In 1988 President Ronald Reagan issued an apology to those who had been interned and signed legislation providing monetary compensation to the victims of the wartime internment policy. In December of 2006 President George W. Bush signed legislation providing funds to the National Park Service to preserve the camps as a remembrance of that era.
At 85 miles per hour, there wasn't time to get my camera out and take a picture and, so as not to lose any more interesting shots, I gave the camera to my wife along with a quick lesson in its use. She then took the remaining pictures from the road for me.
Sign Announcing Big Bug Creek
San Fransisco Peaks in Distance
Snow Covered San Fransisco Peaks
Entering Verde Valley
Wide Open Country North of Phoenix
Having left Tucson shortly after 8 a.m., we hit Phoenix shortly after the worst of the morning rush hour and were able to sail through at 60 - 65 mph with the rest of the traffic.
While the city continues to grow in all directions it begins to thin out as one reaches the northern limits of Maricopa County and the countryside opens allowing one unlimited view from horizon to horizon.
This vast open area is dotted here and there with tiny hamlets and ghost towns. Some day I plan to pull of and explore each of these exits, but for now I have to satisfy myself with photos (taken courtesy of my wife) of exit signs and Internet links to their stories.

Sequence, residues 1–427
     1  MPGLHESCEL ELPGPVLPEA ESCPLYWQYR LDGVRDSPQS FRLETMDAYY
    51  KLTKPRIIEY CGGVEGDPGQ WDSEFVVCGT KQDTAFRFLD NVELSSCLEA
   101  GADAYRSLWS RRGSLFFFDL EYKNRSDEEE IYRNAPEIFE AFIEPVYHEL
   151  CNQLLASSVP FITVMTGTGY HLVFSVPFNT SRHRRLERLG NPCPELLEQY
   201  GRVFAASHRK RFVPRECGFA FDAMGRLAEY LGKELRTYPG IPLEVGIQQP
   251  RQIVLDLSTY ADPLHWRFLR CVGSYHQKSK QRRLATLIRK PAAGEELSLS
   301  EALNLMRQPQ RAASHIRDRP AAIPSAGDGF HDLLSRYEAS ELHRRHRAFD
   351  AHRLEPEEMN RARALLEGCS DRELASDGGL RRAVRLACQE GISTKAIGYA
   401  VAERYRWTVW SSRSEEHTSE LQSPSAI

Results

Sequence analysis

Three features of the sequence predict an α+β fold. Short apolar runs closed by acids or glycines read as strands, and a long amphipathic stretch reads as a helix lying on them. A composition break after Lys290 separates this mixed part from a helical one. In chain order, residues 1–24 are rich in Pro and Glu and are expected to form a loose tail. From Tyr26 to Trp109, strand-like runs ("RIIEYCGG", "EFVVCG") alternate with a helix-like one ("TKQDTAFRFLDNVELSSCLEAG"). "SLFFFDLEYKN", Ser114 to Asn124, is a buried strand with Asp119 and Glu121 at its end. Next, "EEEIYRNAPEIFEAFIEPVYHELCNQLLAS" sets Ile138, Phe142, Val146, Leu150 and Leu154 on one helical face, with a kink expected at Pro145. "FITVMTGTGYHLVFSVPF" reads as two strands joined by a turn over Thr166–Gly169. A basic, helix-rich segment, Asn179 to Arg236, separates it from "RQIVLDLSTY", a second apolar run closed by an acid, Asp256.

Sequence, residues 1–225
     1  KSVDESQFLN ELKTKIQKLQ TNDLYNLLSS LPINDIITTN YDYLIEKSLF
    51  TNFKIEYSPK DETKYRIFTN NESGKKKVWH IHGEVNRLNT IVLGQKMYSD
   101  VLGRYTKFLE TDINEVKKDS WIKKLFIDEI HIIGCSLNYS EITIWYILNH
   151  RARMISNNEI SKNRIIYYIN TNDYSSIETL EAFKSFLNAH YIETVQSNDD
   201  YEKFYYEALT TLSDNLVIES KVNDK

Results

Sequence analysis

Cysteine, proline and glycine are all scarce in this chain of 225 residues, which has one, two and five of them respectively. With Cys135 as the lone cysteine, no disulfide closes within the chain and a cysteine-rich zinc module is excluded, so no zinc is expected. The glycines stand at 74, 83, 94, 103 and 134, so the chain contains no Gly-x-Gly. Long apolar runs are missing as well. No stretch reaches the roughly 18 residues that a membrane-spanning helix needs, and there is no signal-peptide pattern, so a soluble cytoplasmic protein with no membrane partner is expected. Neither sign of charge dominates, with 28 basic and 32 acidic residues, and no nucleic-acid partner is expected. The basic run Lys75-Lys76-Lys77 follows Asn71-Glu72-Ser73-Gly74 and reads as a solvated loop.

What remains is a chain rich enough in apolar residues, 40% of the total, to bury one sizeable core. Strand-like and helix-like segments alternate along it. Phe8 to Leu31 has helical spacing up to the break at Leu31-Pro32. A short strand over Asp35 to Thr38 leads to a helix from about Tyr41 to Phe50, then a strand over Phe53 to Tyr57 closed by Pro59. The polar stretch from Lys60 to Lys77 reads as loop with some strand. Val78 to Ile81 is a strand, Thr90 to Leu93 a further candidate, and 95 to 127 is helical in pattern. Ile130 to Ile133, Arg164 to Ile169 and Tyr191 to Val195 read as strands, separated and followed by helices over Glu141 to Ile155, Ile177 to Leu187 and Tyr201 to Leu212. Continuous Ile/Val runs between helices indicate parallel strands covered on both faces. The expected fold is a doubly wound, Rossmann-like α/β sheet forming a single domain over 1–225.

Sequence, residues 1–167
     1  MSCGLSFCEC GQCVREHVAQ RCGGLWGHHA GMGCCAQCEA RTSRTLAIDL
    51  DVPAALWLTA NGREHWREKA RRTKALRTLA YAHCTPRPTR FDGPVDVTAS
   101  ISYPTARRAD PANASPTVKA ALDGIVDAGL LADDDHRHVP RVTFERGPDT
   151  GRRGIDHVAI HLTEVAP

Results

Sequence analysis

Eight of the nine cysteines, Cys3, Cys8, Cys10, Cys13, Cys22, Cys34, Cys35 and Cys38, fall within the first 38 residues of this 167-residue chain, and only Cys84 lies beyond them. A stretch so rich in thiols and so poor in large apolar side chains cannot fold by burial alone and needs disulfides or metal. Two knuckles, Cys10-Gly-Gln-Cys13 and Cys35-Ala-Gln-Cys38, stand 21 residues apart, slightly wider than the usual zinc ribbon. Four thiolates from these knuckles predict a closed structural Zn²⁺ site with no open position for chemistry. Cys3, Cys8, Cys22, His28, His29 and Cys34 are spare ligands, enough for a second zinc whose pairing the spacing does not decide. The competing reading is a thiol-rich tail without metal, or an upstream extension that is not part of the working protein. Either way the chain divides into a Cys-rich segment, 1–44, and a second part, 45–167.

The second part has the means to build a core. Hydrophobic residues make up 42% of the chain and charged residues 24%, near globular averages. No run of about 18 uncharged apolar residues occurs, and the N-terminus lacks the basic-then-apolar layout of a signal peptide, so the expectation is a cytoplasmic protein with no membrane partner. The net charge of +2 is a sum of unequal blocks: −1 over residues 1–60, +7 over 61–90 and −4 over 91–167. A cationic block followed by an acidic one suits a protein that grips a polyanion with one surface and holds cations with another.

Bloody Basin is located just north of Cave Creek, a town and regional park which takes its name from a creek of the same name which starts in a cavern at the top of a nearby mountain and flows down into Paradise Valley below.
In the 1870s this area was a stomping ground for both the Tonto Apache tribe and settlers who were mostly gold miners. Of course there was conflict and the army was called upon for help.
At dawn on March 27, 1872 a group of Army scouts (who were usually Indians from other tribes who worked for the Army as scouts) surprised a group of Apaches on Turret Peak.
The scouts had been trailing the Apaches and during the night had crept up on the Apache camp. Attacking at dawn, the scouts killed or captured all but a few of the Apaches in the group and since then, this area has been known as Bloody Basin.
Further up the road we cross Big Bug Creek which was quickly named by a group of miners in 1863 who were attacked by numerous large flying bugs as they made their way up the canyon searching for gold.
In their misery, these fellows, who were obviously seeking quick profits from the discovery of gold, did not take time to consider the effect of the name on future real estate sales. But then, neither did those who attached the name Bloody Basin to the lands south of the creek.
Continuing on we come to the exit for Bumble Bee. My wife was taking a nap and we didn't get a picture of this or the sign for Horse Thief Basin Recreation area. While the names are colorful and obviously, especially at the time of naming, descriptive those who named these areas obviously were not concerned about the names' effect on future real estate sales.
In the case of Horse Thief Basin real estate sales are not a problem as it lies within the Prescott National Forest and is off limits to private development.